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Daneshvar, 28, who has several disabilities, wanted the government to ensure public health units made equity central to their vaccination plans, and to give them the necessary resources to do so. He also wanted the court to declare the rollout had violated his constitutional rights.

“The applicant’s concerns with accessing a vaccine and with ensuring that he and other Ontarians have equitable access to a vaccine are understandable and likely shared by many people in the province,” the court said. “However, the applicant has not established that the Divisional Court has jurisdiction to grant the broad declaratory relief he seeks.”

In a statement, Daneshvar’s lawyers stood by their assertion that the Ontario government had neglected its duty to provide fair and equitable vaccination access.

“For months, it has been clear the government had the scientific evidence but lacked the will to design a vaccine strategy that prioritized and protected the most vulnerable among us,” David Baker and Chris Holcroft said. “Repeated failures have increased the risk of infection and death for some people.”

The court hearing, they said, had demonstrated the government’s lack of plans to vaccinate people without internet or phone, or who faced language, mobility, or communications challenges.


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Thousands book COVID-19 vaccine appointment within hours of expanded eligibility in Toronto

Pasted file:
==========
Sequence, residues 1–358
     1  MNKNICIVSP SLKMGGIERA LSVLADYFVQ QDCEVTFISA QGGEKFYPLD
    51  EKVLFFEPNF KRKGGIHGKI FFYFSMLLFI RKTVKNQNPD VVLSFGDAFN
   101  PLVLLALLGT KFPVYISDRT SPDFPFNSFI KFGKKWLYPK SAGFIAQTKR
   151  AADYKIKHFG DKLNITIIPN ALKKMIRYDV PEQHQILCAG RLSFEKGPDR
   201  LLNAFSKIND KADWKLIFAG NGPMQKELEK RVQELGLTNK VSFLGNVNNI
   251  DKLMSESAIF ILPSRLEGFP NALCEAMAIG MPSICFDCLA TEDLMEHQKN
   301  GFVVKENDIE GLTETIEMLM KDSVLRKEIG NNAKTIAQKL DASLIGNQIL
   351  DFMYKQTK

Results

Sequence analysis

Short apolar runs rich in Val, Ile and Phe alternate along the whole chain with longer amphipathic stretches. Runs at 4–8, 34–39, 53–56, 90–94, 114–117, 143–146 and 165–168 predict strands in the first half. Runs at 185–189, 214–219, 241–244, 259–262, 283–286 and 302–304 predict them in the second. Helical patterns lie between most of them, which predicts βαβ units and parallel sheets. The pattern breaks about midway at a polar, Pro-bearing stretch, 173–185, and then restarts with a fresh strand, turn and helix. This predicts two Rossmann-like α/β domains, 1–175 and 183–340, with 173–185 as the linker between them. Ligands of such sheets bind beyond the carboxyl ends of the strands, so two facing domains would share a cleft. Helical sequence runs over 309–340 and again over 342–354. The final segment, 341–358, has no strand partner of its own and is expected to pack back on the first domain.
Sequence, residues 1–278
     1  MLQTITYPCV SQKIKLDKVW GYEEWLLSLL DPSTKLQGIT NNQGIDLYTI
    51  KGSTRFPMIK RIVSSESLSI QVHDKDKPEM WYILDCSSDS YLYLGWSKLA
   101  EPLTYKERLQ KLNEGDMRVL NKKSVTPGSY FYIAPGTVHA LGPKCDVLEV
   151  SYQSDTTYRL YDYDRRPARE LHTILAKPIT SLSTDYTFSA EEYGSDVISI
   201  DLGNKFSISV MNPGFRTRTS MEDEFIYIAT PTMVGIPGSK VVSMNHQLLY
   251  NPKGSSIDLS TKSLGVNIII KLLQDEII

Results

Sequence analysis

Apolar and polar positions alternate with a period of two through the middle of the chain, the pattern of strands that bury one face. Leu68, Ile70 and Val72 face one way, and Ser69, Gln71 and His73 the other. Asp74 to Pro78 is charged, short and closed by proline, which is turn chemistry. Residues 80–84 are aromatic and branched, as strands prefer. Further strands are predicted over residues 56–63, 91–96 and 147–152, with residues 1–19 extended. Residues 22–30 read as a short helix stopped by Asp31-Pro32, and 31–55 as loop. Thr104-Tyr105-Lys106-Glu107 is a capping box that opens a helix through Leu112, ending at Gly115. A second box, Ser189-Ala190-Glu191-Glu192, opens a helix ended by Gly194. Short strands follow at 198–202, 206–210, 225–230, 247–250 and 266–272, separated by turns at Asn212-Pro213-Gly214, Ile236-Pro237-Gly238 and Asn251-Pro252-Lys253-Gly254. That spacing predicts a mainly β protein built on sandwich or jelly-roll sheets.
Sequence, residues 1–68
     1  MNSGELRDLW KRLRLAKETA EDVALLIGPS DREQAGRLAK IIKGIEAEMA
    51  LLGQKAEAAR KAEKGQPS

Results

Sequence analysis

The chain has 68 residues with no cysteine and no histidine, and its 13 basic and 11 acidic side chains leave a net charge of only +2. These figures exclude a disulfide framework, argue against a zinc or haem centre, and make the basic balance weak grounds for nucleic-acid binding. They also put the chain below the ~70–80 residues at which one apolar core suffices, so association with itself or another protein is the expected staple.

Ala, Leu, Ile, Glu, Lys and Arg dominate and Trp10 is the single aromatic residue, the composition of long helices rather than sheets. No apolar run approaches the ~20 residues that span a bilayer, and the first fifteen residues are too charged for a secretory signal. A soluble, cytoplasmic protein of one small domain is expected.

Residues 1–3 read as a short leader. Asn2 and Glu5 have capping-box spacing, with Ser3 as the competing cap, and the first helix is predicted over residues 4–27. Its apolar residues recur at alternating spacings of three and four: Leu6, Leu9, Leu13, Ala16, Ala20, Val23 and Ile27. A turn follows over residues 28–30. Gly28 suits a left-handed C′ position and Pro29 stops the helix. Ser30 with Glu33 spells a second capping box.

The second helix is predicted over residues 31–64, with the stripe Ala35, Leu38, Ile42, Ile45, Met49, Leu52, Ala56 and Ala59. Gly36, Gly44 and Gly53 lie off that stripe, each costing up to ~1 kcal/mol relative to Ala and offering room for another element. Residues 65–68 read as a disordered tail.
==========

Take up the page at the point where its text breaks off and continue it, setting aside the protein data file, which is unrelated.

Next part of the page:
Thousands book COVID-19 vaccine appointment within hours of expanded eligibility in Toronto

In its legal filings, the province argued the application was premised on a “fundamental factual and legal misunderstanding” of how COVID-19 vaccines are administered in Ontario.

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While the government devised high-level policy directions, it is up to the province’s 34 public health units to administer vaccines and implement a rollout suitable to their local populations, the province argued.

“Neither the minister nor any other provincial official approved or purported to approve the individual vaccination plans prepared by Ontario’s 34 public health units,” the government said. “The applicant has simply sued the wrong respondent.”

A request from the government to bar Daneshvar’s lawyers from getting paid, including by legal aid, for presenting the “ill advised” case drew sharp rebuke from Divisional Court.

“This request is unprecedented and certainly not warranted,” the court said.





© 2021 The Canadian Press





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Mental health report: Vast majority of Ontarians experiencing negative emotions amid pandemic


The Canadian Mental Health Association has launched a report that shows most Ontarians are continuing to deal with negative emotions resulting from the COVID-19 pandemic. The report was released in time for Mental Health Week, which launched Monday.

The report, which surveyed roughly 3,000 people across Ontario in January, says 84 per cent of adults said they were feeling worried, anxious, bored, stressed, lonely, isolated or sad.

Data also suggests 76 per cent of Ontarians reported coping at least fairly well with the stress of the pandemic. Sixty per cent of participants also said their screen time increased and 31 per cent reported consuming more food.

“The pandemic is one of those situations where it causes so many different things,” Alec King with CMHA Durham said.

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“It’s not just (the pandemic), it’s also the isolation, the uncertainty, the worry and the concern that people are feeling.”

King says while the data is discouraging, difficult emotions may be an appropriate response to Ontarian’s current circumstances.

“For Mental Health Week we want to talk about how it’s good to give emotions voice,” he said.